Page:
Meddling Mandarins of the FOMC
Like French in Feudal Europe and Latin in the Catholic Church, Mandarin Chinese was a language spoken by a privileged class.
Mandarins as a class can be traced back to 206 B.C. when a system of civil service examinations was established to select officials based on their knowledge of Confucian classics and other literature.
Over the centuries, these educated elites became responsible for maintaining social order, collecting taxes, and overseeing public works projects.
Mandarins were technocracy in action.
Today, we have our own privileged class of technocrats with their own special language.
They call themselves the Federal Open Market Committee, or FOMC, and their special language will undergo detailed scrutiny beginning 2pm ET next Wednesday.
These modern-day Money Mandarins presume the knowledge to manipulate the price of money.
But, as I spare no ink reminding you every chance I get, the members of the FOMC simply don’t possess the knowledge necessary to undertake such a monumental task.
No one does.
Indeed, like Friedrich Hayek, one of the greatest free-market economists of the 20th century said, “The curious task of economics is to demonstrate to men how little they really know about what they imagine they can design.”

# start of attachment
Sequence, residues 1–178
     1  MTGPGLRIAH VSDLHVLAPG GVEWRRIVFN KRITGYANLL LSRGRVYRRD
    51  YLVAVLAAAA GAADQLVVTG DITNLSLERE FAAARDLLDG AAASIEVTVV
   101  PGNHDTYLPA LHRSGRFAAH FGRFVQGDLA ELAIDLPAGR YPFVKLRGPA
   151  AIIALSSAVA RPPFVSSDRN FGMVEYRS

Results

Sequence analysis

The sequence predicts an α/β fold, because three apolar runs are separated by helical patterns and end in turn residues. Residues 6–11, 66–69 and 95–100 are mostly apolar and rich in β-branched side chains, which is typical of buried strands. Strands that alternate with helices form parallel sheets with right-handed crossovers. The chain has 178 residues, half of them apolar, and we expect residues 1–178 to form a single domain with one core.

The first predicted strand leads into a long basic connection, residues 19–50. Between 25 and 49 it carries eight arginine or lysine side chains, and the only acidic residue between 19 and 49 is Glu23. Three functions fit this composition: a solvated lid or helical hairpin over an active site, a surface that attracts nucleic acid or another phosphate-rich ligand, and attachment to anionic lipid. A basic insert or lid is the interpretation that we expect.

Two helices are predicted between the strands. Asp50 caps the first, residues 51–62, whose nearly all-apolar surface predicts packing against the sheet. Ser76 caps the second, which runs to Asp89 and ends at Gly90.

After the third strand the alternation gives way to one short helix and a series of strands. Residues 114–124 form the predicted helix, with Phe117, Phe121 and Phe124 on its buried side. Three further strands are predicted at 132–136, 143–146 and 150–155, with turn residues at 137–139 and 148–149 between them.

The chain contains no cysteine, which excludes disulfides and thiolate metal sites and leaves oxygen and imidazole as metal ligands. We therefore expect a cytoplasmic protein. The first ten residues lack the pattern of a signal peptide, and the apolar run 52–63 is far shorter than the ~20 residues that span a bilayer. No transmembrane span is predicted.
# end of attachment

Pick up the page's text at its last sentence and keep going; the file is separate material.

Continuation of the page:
An imagination that Hayek went so far to label as “fatal conceit.”
Unfortunately, this conceit isn’t limited to the Federal Reserve.
Aspirations of Order
Fatal conceit underpins the arrogance common to nearly all who would dare pass laws, effect policy, or pass executive orders that impact the decisions of hundreds of millions of people.
Their common error: Imagining centralized decision-making outperforms decentralized decision-making.
In short, they like to meddle.
These malicious meddling mandarins think that the order imposed by the decisions of a few can bring a more optimal result than the one that emerges naturally out of chaotic human interactions in a world rich with choice.
And they basically get the run of the place because, deep down, most people crave more order than nature allows.
Elected officials and the technocrats they assign simply reflect that desire.
The masses want their mandarins, and politicians give the masses what they want.
Sadly, the rampant, deep-seeded tendency of most people to look to those apparently in control to make things better, especially in times of trouble, creates more problems without ever solving the one it set out to resolve in the first place.
We hope that bailouts work. We believe the Fed can orchestrate the “right” price of money. We buy into superficial dialectics like “Russia bad, NATO good” because it makes us feel the system, built by mandarins to benefit mandarins, works.
Austrian economists have tried for over a century to teach us that decentralized decision-making outperforms centralized decision-making.
Any system dependent on the intervention of a few to create order out of chaos is doomed to failure.
And until the voting masses take that lesson to heart, we’ll keep hanging on to every meddlesome word that ushers forth from the money mandarins mouths.
Think Free. Be Free.